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Russell Hobbs 19720 Pump Review


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  • Inexpensive
  • Petite
  • Fairly cute design


  • Quite noisy
  • Parts feel flimsy
  • Inconsistent coffee temperature
  • Not suitable for long drinks

Key Specifications

  • Review Price: £49.99
  • 15-bar pump
  • Foamer arm
  • 0.8-litre reservoir

What is the Russell Hobbs 19720 Pump?

The Russell Hobbs 19720 Pump is a low-cost espresso machine. Available for under £50, it’s in the impulse buy price range for many.

It’ll do the job as an occasional-use espresso machine, perhaps one for a coffee addict’s study, but it proves the old cliche about getting what you pay for. Fiddly operation and some issues with coffee quality mean it doesn’t quite deserve the spotlight in most kitchens if it’s to be used daily.

SEE ALSO: Best Coffee Machines Round-up

Russell Hobbs 19720 Pump Espresso Machine on kitchen counter.

Russell Hobbs 19720 Pump – Design

The Russell Hobbs 19720 Pump is a very small espresso maker. Its curves and two-tone design give it a similar visual character to larger, more stylish and expensive models, but this one is tiny.

There are pros and cons to this. On the plus side, it’s easy to fit in kitchens with small work surfaces. And for those totally non-food-related rooms that are begging for a coffee maker? The Russell Hobbs 19720 Pump wouldn’t be the worst way to class up a guest bedroom.

Russell Hobbs 19720 Pump Espresso Machine on kitchen counter.

The issue we have with the size is that it makes preparing long drinks more or less impossible. You can only really fit espresso cups under the coffee holder: ordinary mugs just won’t fit. This is bad news if you drink Americanos rather than espressos as a way to ensure you don’t end up a jittery mess by early afternoon.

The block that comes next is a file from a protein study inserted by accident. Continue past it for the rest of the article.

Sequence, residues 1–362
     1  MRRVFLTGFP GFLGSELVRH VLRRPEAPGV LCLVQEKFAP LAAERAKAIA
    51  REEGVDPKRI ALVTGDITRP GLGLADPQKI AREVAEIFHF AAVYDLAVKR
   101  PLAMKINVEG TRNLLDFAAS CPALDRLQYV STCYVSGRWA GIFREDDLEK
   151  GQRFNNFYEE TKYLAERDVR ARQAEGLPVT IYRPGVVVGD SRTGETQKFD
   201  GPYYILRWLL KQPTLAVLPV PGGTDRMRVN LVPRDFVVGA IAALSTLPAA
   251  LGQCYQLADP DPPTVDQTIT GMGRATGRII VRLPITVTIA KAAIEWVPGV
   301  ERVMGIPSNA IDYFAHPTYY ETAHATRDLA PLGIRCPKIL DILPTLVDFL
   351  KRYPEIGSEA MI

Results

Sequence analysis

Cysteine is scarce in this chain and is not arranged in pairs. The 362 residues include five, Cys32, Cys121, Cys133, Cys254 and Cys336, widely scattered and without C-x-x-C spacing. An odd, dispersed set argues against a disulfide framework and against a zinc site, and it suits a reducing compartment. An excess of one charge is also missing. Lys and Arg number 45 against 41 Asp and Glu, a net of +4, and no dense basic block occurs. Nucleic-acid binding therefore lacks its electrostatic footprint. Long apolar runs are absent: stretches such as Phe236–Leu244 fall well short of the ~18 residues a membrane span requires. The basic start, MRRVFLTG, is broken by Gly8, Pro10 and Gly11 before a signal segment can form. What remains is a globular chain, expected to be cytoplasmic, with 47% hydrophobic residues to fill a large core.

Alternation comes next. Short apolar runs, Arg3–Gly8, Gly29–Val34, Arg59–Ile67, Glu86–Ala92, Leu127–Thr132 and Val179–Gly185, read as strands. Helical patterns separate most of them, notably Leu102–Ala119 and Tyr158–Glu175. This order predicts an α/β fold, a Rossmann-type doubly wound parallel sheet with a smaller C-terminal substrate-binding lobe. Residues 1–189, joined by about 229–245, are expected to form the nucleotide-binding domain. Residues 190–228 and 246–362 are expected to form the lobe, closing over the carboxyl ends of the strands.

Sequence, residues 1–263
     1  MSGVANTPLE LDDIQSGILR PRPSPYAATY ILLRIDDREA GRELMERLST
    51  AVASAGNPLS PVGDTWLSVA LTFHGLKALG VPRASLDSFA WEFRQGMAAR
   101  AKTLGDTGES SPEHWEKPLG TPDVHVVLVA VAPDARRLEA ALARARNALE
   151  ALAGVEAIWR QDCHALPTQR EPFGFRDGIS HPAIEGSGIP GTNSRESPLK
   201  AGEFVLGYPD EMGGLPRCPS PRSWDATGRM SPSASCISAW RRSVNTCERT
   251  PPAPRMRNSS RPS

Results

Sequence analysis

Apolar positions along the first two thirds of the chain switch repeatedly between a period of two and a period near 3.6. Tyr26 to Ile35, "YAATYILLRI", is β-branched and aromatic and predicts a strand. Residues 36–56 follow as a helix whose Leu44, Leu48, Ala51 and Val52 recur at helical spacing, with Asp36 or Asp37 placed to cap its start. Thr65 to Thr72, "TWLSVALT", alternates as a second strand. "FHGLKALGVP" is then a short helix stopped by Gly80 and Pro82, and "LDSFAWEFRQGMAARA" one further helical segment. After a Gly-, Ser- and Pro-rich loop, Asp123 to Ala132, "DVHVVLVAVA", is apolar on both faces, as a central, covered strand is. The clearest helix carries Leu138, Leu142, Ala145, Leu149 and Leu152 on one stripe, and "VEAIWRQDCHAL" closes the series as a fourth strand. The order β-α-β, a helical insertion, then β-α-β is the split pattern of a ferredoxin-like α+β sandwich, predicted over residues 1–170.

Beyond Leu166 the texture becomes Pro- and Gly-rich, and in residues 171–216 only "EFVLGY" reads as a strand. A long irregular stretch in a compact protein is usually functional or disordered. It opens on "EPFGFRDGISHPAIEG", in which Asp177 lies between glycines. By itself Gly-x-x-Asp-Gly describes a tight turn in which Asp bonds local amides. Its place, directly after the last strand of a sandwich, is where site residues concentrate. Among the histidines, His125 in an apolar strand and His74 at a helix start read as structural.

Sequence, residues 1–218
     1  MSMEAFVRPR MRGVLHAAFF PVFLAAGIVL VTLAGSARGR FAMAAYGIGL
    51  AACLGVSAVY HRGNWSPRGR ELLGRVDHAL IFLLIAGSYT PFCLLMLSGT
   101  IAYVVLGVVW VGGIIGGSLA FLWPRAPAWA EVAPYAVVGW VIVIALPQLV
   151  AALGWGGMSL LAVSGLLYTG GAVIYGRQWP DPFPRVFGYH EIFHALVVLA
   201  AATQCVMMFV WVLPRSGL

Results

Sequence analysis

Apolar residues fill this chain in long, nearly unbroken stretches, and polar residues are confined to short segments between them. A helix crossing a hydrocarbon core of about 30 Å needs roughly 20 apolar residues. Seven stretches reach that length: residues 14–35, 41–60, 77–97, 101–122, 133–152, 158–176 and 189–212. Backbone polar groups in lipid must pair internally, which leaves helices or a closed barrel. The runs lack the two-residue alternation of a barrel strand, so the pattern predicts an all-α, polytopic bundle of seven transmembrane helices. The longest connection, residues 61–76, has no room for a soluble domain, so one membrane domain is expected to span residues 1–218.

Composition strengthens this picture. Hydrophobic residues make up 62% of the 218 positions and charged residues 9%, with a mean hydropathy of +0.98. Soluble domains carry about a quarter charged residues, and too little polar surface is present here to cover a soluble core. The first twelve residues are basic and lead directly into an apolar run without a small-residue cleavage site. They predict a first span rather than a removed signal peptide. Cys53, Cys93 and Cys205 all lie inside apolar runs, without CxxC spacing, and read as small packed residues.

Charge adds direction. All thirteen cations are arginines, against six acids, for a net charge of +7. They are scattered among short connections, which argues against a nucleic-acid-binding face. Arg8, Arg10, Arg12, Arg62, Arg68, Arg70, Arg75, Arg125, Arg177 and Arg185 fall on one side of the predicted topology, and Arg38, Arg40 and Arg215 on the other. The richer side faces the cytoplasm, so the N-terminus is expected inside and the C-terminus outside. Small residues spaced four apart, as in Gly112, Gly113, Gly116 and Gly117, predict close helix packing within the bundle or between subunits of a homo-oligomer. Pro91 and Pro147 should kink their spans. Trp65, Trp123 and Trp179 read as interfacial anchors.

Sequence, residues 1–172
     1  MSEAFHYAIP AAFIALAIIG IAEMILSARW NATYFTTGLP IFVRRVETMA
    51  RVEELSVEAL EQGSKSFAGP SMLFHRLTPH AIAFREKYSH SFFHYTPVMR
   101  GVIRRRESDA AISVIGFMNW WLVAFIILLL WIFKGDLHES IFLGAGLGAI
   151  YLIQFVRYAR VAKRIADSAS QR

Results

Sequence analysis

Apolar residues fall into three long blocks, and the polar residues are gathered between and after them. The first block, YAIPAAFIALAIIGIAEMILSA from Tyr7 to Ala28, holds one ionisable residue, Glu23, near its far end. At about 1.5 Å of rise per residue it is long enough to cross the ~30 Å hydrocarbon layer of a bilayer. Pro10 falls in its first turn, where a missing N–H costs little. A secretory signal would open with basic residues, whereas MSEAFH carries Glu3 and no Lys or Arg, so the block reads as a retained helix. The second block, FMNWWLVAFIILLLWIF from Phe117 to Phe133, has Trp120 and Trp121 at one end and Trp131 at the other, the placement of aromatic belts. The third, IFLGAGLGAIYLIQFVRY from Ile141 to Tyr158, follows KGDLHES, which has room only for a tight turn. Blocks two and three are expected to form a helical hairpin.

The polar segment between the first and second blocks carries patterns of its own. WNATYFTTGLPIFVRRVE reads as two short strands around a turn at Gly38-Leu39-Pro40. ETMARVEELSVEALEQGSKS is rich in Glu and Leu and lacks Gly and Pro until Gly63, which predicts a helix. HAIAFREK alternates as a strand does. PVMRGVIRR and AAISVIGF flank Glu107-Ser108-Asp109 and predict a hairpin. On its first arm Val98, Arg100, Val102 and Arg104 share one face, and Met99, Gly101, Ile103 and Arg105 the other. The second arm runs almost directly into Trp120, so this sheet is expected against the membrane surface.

Other elements of the Russell Hobbs 19720 Pump are miniaturised too.

The reservoir is tiny, holding just 0.8l. That’s about half the capacity of most other espresso makers, meaning you’ll need to refill it fairly regularly. Doing so is not that convenient either.

Rather than having a front-loaded reservoir like most machines, the Russell Hobbs 19720 Pump’s reservoir pokes out of the back, behind a thin plastic pull-off cover. It feels as though you’re breaking into the body, not helped by the feed – the tube that sucks the water in – just dangling into the reservoir.

Russell Hobbs 19720 Pump Espresso Machine on kitchen counter.

While you can just angle the reservoir out and fill it up using a glass, it’s fiddly and means the Russell Hobbs 19720 Pump needs to be moved away from a wall during refilling, losing it some of the brownie points it gained by being so dinky.

These are points we’d normally cover later in a review but they are fundamental to the Russell Hobbs 19720 Pump. It’s bordering on being a ‘portable’ espresso machine in its design – not that it is one, as you still need to attach a power cable.

In terms of pure looks, the Russell Hobbs 19720 Pump is fairly good, though. It has more of a lifestyle edge than its bigger brother, the Russell Hobbs Allure, reviewed recently.

Russell Hobbs 19720 Pump Espresso Machine on kitchen counter.

As is to be expected of a budget model, though, build quality is basic. Everything apart from the coffee holder, the part of the body it hooks into and the steam arm/frother is plastic.

The Russell Hobbs 19720 Pump feels light, and quite cheap if we are to be ruthless. Machines up to four times the price are often mostly-plastic, but the flimsiness of the back panel – which will have to be removed and re-set daily for coffee fans – is a too-obvious reminder about how cheap the set is.

Russell Hobbs 19720 Pump – What’s it like to use?

As a espresso maker with few fancy extras, there’s not a great deal to learn here in terms of operation. There’s a single primary control knob on the front, used to make the Russell Hobbs 19720 Pump output coffee as well as to let it prep hot water and steam.

If anything, there’s arguably a superfluous setting on this dial. Turning to the left prepares steam, while the two settings to the right kick-start hot water prep/warm the top plate and then finally make the coffee itself. With needing steam without water a rarity, the Russell Hobbs 19720 Pump seems like it might as well have simply ‘prepare’ and ‘produce’ settings here.